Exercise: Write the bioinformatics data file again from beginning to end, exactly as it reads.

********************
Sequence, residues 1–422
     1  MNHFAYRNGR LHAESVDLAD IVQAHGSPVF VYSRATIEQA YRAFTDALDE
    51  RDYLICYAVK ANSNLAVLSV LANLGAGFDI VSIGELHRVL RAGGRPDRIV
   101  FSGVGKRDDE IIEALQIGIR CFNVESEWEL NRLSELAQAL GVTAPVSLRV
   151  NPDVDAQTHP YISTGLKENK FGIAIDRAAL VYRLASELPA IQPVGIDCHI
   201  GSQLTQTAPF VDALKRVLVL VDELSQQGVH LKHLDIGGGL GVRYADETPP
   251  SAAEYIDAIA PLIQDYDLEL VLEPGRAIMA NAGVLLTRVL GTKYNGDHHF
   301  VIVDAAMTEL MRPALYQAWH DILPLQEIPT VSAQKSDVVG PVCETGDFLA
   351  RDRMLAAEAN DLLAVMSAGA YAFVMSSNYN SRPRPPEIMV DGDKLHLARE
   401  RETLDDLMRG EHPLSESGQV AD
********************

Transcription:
Sequence, residues 1–422
     1  MNHFAYRNGR LHAESVDLAD IVQAHGSPVF VYSRATIEQA YRAFTDALDE
    51  RDYLICYAVK ANSNLAVLSV LANLGAGFDI VSIGELHRVL RAGGRPDRIV
   101  FSGVGKRDDE IIEALQIGIR CFNVESEWEL NRLSELAQAL GVTAPVSLRV
   151  NPDVDAQTHP YISTGLKENK FGIAIDRAAL VYRLASELPA IQPVGIDCHI
   201  GSQLTQTAPF VDALKRVLVL VDELSQQGVH LKHLDIGGGL GVRYADETPP
   251  SAAEYIDAIA PLIQDYDLEL VLEPGRAIMA NAGVLLTRVL GTKYNGDHHF
   301  VIVDAAMTEL MRPALYQAWH DILPLQEIPT VSAQKSDVVG PVCETGDFLA
   351  RDRMLAAEAN DLLAVMSAGA YAFVMSSNYN SRPRPPEIMV DGDKLHLARE
   401  RETLDDLMRG EHPLSESGQV AD